Lamb Bolognese

_DSC1038I’ve been scared to make bolognese for a long time. Probably a couple years, in fact.

I’m one of those people that is strongly motivated by success. The ugly flip side of that is I’m strongly demotivated by failures. I still remember the first time I tried making bolognese. I had found this purportedly authentic recipe off of a food blog devoted to Italian food. I slaved over the sauce, letting it stew for hours all afternoon. I followed the supposed “rules” of a traditional bolognese – “no tomatoes!” “No herbs!”.

After hours of slaving away in the kitchen, I invited Bryan to join me in partaking in my creation.

“It’s sort of bland. It’s lacking that depth of flavor.”

I was so disheartened, I didn’t make bolognese for almost three years . . . . until now.
This post is part 2 of the crazy lamb-centric meal that I created on Sunday night (right after our crazy snowstorm) in honor of Lamb Lover’s Month in collaboration with the American Lamb Board. Other posts in this series include Lamb Loin with Chili, Mint, and Mustard Seed and Rack of Lamb with Morels, Asparagus, and Mustard Seeds.

This bolognese is a little different because it’s made with ground lamb. I pretty much followed a traditional bolognese recipe but with a few tweaks.

First, I used a decent bottle of Italian chianti as the wine. The Nipozzano Riserva Chianti Rufina (2008) retails for about $18. The 2007 vintage (which we also own but Bryan didn’t want me to use it for cooking) actually made Wine Spectator’s Top 100 Wines list in 2010.

Second, I made the bolognese in a pressure cooker. It was awesome – instead of stewing for 3 hours on the stove, I only cooked it for about 20-30 minutes, tops. It came out super tender, flavorful, and was one of the most popular dishes of the night.

Finally, I snuck in a few less conventional ingredients. I didn’t have pancetta on hand, so I used a few strips of bacon instead. I also threw in a handful of diced tomatoes because I felt that the sauce could be just a tad brighter. Finally, I did add herbs!

It turned out great, and I totally plan on making this again. The guests I made it for loved it. My one friend who really loves lamb enjoyed this dish more because she thought it had more of that “gamey” flavor. Guess what? I couldn’t find American ground lamb at the market, so this pasta was actually made using New Zealand lamb. Of course, you can easily use American lamb if you prefer a less gamey/grassy flavor.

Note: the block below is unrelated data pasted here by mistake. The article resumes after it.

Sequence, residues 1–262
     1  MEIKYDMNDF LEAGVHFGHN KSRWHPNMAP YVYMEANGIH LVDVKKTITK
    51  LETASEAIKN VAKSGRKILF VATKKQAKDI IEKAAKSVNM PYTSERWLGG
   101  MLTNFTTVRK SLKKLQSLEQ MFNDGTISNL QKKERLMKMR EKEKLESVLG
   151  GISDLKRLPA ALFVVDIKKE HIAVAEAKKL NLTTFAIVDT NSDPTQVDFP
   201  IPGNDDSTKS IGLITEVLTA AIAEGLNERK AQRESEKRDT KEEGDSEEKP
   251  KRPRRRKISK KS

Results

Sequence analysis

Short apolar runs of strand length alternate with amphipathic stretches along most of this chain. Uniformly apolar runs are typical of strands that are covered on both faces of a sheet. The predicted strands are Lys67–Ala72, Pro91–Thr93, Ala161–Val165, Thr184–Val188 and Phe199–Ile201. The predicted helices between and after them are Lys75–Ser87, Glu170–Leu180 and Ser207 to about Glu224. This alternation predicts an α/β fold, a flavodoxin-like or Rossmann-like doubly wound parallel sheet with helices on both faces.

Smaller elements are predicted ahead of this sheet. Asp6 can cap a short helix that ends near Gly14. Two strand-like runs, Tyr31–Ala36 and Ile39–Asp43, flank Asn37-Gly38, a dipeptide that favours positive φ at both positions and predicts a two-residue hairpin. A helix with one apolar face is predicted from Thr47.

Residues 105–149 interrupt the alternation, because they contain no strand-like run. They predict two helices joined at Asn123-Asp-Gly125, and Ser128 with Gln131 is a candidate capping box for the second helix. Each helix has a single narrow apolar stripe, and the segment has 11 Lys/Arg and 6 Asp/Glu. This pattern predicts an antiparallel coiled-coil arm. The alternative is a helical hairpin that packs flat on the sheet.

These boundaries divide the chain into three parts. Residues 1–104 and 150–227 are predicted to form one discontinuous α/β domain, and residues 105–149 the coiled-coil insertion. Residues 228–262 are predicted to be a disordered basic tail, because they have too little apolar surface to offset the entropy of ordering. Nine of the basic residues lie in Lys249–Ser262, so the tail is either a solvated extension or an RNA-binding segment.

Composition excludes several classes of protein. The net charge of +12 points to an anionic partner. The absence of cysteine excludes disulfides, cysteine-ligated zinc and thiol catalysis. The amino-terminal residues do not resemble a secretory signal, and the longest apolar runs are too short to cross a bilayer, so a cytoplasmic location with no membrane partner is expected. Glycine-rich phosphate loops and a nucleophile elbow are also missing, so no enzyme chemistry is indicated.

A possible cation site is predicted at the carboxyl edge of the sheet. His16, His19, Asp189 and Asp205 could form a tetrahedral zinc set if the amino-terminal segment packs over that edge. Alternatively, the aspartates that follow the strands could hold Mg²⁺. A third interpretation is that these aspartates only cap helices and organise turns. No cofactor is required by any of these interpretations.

Between using the pressure cooker and the food processor for chopping the mirepoix, this could almost be a weeknight meal that I can still make from scratch!


Lamb Bolognese
Serves 4 as a starter or 2 as a main dish

mirepoix (1 carrot, 1 celery, ½ onion)
3 slices bacon, finely diced
2 garlic cloves, finely chopped
¾ cup red wine

¼ cup tomato paste
1 cup chicken broth

1 lb ground lamb
½ cup diced San Marzano canned tomatoes (optional)
½ T dried rosemary
1 bay leaf
salt & papper to taste
1 package of pasta of your choice ( 8-12 oz dried; 1 lb fresh)

1. Make mirepoix by finely chopping carrots, celery, and onions in a food processor. Set aside.

2. Cook bacon at medium heat in a pressure cooker (or normal Dutch oven) until fat is rendered. Add mirepoix and garlic and cook in the bacon fat for about 10 minutes, or until softened.

3. Add wine and deglaze the pan. Cook at medium high heat until all the alcohol has evaporated. While waiting, mix together the tomato paste and the chicken broth.

4. Add lamb and cook until no longer pink.

5. Add tomato paste/broth mixture and optionally tomatoes to the pot.

6. Add rosemary and bay leaf and cook under pressure for 10 minutes. Release the pressure.

 7. Add 1 cup of water, mix up the sauce, and cook again under pressure for at least 10 minutes or more. During this time, cook pappardelle according to the directions on the package.

 8. Release the pressure of the pressure cooker and cook off any excess liquid until sauce is nice and thick. Season to taste and serve with the pappardelle.  Optionally roll pappardelle “ribbons” into swirls for plating.

Pasta “rolls” accompany a rack of lamb dish

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  1. says

    Congratulations for successful bolognese this time, Jen! I was actually craving for some this week…maybe I’ll try making it too this week!

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